At least if they were feeding my oxygen that would be doable. Then I waited. A few minutes
later a nurse came.
"Mr. Bard, did you call."
"Yes." I kept my voice quiet to be safe and then motioned her closer with my
right arm and then tried again. This time she understood.
"What do you need?"
"What happened and what should I not do and what should I be careful about?"
"I can't say what happened in detail, but I have been instructed to ask you to
minimize your movement as much as you can."
I nodded. "Can I see a doctor? Nothing against you but just so I can find out what
"Dr. Mills will be here in a minute."
I slowly nodded.
"Would you like me to contact your family and let them know you're awake?"
I nodded. "Do you have the number?"
"Yes." She turned and left.
I started to say something, but then decided to wait. I would rather be over cautious then
rip something open or damage something.
A few minutes later another woman arrived and walked over to me. "How are you feeling
today Mr. Bard, and please speak softly."
"A bit sore. Are you...?"
"I'm your doctor. Now just relax and minimize your movements as much as possible and
I'll explain what happened."
I slowly nodded.
"You were brought to us with two major injuries. The first, and comparatively minor
one was that you right hip at your rear was broken in two places. The second, and by far
the major injury, was on your left side. As you slid on the pavement you scraped away your
hide almost completely until only a thin layer of tissue was left. When they moved you
onto a stretcher they almost lost you when the tissue burst but fortunately they
recognized what was going on and kept anything from spilling out."
"What about the little girl?"
"She was fine - just some scrapes. The driver was fine also - his airbag prevented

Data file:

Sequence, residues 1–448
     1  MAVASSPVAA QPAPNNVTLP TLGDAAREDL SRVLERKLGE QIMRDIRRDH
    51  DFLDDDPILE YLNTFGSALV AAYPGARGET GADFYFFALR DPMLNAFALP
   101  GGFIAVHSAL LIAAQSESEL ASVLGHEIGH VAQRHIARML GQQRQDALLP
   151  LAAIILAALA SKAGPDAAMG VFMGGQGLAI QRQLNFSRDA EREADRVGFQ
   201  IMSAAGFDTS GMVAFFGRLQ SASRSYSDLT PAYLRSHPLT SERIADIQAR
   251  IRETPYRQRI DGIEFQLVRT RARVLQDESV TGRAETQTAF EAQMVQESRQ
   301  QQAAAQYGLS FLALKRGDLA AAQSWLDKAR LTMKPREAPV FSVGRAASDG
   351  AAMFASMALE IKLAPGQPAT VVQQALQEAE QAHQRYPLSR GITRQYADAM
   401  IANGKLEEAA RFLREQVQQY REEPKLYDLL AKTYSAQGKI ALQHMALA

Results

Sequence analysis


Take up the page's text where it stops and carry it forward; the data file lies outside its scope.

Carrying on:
any major injury although he did have whiplash. He was charged with dangerous
driving." He smiled. "His car was totaled, so at least you won there."
I smiled back a little bit. "What now?"
"Well, the hip is healing as well as can be expected, and we immobilized the leg to
give it time. The problem with a broken leg in a horse is that the horse won't keep it
still. I trust that you will?"
"I do have one other question for you, of critical importance. Think carefully and
calmly before you answer."
I swallowed and nodded.
"As far as we can tell your spine has suffered no injuries, but we can't be sure. The
fact that you felt pain is a good sign. Can you feel your lower...rear body?"
I almost laughed as I slowly and gently waved my tail back and fourth. "I already
checked. I can also feel my legs and the cast was causing an itching sensation. It's fine
"Good. You're going to be with us for a while, and the worst is past, but there are
some instructions that you must follow. First, don't move your leg or any part of your
chest. New skin is growing and we have an artificial skin to add protection but the layer
is thin. I know you have to breathe but keep it as shallow as possible. Fortunately your
lungs are in the lower portions of your lower body and the severest part of the injury was
fairly close to your spine. Still, try to breath as shallowly as you can. Don't take deep
breaths and don't laugh. Normally we'd put you in an oxygen tent but we didn't have much